What is trigger finger in in rheumatoid arthritis (RA)?

Updated: Jan 11, 2019
  • Author: Michael Neumeister, MD, FRCSC, FACS; Chief Editor: Joseph A Molnar, MD, PhD, FACS  more...
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Answer

Answer

Synovial proliferation produces discrete rheumatoid nodules on tendons, which can result in trigger finger. The size and location of these nodules on the flexor tendon determine the degree of triggering.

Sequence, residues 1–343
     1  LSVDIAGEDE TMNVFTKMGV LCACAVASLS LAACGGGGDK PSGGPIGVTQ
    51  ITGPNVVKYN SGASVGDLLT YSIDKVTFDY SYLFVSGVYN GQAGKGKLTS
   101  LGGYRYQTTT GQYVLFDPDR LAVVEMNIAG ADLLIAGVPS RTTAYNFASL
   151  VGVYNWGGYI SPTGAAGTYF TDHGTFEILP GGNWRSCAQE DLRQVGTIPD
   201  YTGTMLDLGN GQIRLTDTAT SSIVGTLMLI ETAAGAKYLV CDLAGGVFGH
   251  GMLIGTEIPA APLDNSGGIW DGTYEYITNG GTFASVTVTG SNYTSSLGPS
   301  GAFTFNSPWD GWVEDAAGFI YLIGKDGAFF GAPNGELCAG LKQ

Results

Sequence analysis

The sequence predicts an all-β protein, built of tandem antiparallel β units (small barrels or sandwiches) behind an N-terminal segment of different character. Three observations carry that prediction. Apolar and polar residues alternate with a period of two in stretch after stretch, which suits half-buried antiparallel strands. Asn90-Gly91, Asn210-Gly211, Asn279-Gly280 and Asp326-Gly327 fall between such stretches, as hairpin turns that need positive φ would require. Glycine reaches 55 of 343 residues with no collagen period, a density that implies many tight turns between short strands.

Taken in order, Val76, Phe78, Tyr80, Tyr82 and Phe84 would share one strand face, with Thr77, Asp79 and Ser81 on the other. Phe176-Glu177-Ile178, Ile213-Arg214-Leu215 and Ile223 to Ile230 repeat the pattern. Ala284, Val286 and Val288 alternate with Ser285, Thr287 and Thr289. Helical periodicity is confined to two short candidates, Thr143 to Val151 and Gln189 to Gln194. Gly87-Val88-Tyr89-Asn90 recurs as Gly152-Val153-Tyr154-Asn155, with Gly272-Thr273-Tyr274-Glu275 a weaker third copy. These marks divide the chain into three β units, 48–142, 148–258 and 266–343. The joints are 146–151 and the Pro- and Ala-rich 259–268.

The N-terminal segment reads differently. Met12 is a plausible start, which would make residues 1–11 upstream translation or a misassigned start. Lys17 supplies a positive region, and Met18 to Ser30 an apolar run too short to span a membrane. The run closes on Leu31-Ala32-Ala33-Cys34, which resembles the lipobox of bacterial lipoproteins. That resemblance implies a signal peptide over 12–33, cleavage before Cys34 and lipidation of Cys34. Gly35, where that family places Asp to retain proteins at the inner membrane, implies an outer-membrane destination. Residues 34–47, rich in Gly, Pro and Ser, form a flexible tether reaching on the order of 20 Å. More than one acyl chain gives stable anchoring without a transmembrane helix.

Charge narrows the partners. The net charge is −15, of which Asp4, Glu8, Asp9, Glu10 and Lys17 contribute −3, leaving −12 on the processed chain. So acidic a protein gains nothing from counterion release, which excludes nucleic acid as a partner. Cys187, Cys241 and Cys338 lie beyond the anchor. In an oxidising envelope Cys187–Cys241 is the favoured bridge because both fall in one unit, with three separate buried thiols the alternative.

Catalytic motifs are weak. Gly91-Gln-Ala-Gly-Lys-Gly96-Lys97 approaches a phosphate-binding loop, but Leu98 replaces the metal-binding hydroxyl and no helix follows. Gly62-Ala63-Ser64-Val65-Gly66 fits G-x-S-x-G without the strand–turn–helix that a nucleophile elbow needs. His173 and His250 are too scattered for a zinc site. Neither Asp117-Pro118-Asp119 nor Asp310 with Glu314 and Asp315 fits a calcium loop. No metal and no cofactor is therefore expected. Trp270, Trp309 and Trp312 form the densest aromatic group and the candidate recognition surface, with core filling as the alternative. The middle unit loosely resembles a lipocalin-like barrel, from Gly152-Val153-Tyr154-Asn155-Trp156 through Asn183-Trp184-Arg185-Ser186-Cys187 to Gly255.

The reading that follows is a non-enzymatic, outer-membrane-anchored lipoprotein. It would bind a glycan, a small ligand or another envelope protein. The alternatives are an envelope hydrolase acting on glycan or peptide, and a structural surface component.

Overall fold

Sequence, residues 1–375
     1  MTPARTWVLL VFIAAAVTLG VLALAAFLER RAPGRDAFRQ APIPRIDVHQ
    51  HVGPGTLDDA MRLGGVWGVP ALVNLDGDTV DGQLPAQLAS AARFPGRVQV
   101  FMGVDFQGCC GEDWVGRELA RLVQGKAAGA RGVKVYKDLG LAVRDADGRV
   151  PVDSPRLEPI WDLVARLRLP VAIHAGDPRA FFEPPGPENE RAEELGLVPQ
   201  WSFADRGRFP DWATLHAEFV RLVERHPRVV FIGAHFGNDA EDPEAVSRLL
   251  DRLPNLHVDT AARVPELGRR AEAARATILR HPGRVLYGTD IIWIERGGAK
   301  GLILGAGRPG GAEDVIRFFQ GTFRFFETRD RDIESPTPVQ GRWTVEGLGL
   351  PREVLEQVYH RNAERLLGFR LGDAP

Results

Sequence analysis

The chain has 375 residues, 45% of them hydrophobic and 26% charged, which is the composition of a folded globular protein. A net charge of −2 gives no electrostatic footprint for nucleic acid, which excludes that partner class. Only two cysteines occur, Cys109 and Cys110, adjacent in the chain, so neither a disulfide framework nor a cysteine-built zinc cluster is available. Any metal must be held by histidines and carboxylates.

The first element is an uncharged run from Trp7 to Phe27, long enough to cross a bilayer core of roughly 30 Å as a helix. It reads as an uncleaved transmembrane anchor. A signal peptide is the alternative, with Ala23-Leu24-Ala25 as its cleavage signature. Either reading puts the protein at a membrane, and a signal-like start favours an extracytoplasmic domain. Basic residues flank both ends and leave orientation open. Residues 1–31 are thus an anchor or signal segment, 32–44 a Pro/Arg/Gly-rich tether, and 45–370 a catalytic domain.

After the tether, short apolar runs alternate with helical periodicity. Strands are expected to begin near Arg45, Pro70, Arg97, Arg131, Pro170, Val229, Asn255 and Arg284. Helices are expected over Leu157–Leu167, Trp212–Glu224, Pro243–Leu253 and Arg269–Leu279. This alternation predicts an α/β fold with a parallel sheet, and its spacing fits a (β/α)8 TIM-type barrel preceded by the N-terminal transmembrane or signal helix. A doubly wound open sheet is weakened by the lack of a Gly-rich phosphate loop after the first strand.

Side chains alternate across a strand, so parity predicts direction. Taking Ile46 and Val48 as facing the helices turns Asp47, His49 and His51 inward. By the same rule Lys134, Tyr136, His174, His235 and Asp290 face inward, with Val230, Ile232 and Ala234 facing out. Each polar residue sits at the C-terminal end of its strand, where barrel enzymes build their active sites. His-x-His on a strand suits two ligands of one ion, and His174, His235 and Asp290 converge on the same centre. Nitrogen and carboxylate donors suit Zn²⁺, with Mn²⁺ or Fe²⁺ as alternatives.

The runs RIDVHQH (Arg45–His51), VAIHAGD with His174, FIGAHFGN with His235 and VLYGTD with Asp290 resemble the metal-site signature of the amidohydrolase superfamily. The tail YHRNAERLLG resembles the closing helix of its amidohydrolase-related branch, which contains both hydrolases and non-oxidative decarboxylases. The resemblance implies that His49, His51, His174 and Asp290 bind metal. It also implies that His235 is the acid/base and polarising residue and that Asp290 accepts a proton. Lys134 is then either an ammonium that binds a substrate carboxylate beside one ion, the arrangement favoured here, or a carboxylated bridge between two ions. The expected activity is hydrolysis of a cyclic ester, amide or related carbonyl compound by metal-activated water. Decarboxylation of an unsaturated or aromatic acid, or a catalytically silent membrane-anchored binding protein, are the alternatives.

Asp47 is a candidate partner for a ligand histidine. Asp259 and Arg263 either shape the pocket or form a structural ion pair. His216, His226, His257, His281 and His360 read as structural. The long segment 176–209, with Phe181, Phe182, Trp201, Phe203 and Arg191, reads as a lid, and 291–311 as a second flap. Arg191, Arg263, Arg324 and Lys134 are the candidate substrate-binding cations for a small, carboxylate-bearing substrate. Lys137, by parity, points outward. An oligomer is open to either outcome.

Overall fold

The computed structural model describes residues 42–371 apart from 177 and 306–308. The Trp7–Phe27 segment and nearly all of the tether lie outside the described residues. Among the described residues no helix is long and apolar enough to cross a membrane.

Four types of trigger finger occur in RA. Type 1 is similar to nonrheumatoid stenosing tenosynovitis, in which the tendons catch at the first annular pulley during flexion secondary to small, localized hyperproliferation of the synovium. In type 2, the nodules form in the distal palm and cause the finger to lock in flexion. In type 3, nodules on the flexor digitorum profundus (FDP) tendon near the second annular pulley (over the proximal phalanx) lock the finger in extension. Type 4 trigger finger results from generalized tenosynovitis within the fibro-osseous canal. Active motion is more restricted than passive motion, and contracture and stiffness result.


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